Last Saturday at Winter Warm-Up in downtown St. Louis, President of Baseball Operations John Mozeliak made extensive comments on the bullpen. One name he tossed out as a possible internal option was Jordan Hicks, the 21-year-old flamethrowing righthander. Mozeliak’s comments centered on the organization’s evaluation of Hicks as a “one-trick pony” because of his high-octane fastball and still-developing offspeed pitches, according to Joe Schwarz of Birds on the Black.
Mozeliak spoke fondly of Jordan Hicks — but seemed to be steering him down the late-inning, high-leverage reliever path. Classified him as a “one-trick pony” regarding that triple-digits fastball. #CardsWarmup
— stlCupofJoe (@stlCupofJoe) January 13, 2018
While Hicks’ indeed possesses a wicked fastball, Mo’s comments caught me off guard. I assumed his breaking pitchers weren’t exactly refined; if they were he’d be in the big leagues given his velocity. I reached out to my colleague Kyle Reis, who informed me that Hicks throws his fastball (duh), a curveball, cutter, and change. Of his offspeed deliveries, the curveball is by far the most advanced. Instead of relying on vague quotes made in a hotel in January, let’s dig into the video and see if we can come to any conclusions on Hicks’ offspeed stuff.
We’ll start with two GIF’s.
Notice the two different glovesigns. The first is a 12-6 curveball, the second looks like a slider. As you can see, the movement resembles a curveball and a slider, respectively.
Hicks calls the second pitch a cutter, so I suppose we should, too. How I would classify it would depend on velocity, and that’s not information we have at our disposal right now.
In the first at-bat that we’re going to look at, Hicks gets ahead with a fastball low and away to a right-handed hitter. It’s a perfectly executed pitch in an area of the zone he commands really well.
He follows it up with this offering:
Now in an 0-2 count, he does this:
Back-to-back perfectly executed breaking balls, both resulting in whiffs. The fact that any 21-year-old pitcher can execute two different breaking balls of this quality is exciting, not to mention that said pitcher can reach 100 miles-per-hour with his fastball. And have I mentioned that he’s just 21-years-old?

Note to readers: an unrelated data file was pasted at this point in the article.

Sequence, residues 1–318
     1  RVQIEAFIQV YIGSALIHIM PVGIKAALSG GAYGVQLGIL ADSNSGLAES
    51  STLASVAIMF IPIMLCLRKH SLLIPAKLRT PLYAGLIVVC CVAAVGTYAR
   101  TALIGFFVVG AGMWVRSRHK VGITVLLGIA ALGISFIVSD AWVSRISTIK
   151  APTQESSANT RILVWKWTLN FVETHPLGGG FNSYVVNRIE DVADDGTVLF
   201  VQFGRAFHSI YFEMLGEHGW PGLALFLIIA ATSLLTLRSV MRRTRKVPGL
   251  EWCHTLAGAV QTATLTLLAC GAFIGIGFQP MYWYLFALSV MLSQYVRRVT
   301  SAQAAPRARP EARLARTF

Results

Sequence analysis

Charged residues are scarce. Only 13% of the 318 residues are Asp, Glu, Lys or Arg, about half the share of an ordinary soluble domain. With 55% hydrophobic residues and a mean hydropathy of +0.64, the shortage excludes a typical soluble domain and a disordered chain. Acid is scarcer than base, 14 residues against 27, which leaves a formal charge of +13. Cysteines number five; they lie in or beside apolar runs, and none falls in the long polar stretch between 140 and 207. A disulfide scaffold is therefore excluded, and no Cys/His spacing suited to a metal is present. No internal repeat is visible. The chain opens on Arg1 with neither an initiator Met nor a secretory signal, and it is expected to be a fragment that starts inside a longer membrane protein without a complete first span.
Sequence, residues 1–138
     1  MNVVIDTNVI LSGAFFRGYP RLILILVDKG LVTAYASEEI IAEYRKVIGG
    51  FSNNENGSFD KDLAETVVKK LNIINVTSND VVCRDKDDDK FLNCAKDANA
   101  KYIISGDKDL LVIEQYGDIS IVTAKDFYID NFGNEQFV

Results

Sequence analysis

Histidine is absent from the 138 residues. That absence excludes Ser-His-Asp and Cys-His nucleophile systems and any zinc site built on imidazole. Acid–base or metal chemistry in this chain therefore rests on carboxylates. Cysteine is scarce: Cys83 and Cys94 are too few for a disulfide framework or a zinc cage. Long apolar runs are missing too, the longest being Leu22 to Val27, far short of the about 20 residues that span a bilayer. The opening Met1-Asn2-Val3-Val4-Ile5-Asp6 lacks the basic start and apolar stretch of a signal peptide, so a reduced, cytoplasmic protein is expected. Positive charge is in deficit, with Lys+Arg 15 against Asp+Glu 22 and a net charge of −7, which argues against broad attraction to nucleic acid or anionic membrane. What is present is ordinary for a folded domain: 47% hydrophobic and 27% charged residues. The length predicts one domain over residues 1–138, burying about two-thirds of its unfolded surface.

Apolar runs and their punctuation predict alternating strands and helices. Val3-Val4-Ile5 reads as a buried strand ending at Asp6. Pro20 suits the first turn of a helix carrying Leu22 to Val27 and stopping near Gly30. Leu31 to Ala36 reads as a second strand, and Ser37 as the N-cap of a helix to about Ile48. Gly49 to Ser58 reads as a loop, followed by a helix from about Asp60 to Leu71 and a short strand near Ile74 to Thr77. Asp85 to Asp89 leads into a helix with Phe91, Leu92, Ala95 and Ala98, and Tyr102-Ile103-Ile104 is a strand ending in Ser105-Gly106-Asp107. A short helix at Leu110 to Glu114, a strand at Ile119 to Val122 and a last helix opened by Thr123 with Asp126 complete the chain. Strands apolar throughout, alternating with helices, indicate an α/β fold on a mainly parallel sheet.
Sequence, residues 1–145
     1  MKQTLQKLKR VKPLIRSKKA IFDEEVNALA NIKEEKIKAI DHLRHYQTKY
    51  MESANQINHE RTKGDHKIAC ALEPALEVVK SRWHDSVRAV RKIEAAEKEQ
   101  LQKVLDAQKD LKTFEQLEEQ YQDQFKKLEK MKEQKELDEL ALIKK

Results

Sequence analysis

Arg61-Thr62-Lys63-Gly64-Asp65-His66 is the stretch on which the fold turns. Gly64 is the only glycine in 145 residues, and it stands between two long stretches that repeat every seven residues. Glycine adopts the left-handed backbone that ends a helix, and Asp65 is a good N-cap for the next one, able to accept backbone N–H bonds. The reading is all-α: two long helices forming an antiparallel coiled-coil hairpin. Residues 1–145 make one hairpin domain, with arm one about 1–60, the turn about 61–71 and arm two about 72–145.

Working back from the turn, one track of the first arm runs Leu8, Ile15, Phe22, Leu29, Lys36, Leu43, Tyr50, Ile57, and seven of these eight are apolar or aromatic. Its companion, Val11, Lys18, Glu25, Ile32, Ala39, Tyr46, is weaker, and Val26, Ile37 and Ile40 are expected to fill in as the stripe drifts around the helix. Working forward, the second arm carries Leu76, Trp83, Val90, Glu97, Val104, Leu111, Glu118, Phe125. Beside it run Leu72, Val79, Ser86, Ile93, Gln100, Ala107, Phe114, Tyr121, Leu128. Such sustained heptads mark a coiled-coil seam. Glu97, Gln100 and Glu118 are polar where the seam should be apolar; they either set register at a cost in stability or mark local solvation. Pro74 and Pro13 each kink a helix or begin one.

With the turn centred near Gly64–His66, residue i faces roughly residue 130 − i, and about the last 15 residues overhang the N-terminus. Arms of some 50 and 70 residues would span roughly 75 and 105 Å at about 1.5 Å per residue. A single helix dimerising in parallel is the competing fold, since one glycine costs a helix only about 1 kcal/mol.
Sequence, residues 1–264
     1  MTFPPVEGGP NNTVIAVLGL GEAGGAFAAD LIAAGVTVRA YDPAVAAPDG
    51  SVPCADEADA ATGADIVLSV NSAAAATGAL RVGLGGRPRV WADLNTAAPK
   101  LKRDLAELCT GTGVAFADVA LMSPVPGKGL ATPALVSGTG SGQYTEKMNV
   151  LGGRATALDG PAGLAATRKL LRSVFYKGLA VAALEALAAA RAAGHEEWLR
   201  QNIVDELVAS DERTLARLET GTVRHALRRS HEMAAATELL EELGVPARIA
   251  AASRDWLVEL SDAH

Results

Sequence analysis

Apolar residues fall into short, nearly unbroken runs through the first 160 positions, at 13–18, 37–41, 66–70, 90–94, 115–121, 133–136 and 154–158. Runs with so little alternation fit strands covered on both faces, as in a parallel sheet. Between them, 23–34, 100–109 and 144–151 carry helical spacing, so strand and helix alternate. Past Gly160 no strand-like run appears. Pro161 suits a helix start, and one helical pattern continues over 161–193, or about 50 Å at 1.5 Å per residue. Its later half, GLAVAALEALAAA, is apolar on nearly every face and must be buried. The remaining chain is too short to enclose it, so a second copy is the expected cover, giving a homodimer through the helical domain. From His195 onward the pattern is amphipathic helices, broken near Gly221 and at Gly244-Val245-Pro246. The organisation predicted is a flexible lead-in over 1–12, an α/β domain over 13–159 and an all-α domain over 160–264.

Unfortunately, we don’t just get to break down the good pitches. Later in the outing, he does this:
There are no two ways around it, it’s not a good pitch. Loopy. Up. Over the middle of the plate. And the hitter in the GIF does what professional hitters should do: crush it.
So far, I’ve seen pretty much what I expected to see: a mixed bag of really good pitches and really bad pitches. Then, later in the start, after a duel of an at-bat, Hicks breaks out this:
That’s a changeup, a potentially devastating pitch to left-handed hitters, and one that I had ZERO expectation of when I started the evaluation.
Hicks’ offspeed pitches appear much more advanced than I expected, granted that this is just one start in the Arizona Fall League. Still, I there are a limited number of pitchers on planet earth that throw 100 miles-per-hour. Even fewer of them are 21-years-old. And even fewer of those can execute two types of breaking balls. And still fewer can execute a changeup as well.
Regardless of how inconsistent these pitches may have been in 2017, keep in mind that Hicks has a total of 165 minor league innings on his arm, and exactly zero of those have come above A-ball. With a fastball like his, Hicks hasn’t had to rely on his offspeed pitches. It’s an adjustment he’ll have to make at Double-A, but we should learn from Sandy Alcantara in 2017. Alcantara was aggressively assigned to Springfield and got off to a slow start because his offspeed stuff wasn’t ready.
Hick’s ceiling may well be as a closer at the major league level, but nobody can say with any sense of certainty if that’s the case or not. He has the potential to be a dominant starter in the mold of Carlos Martinez or (we hope) Alex Reyes. To kneecap his development because deficiencies in the St. Louis bullpen would be, in this humble bloggers’ opinion, developmental malpractice.
Thanks for reading.
Video courtesy of the YouTube channel BaseballCensus.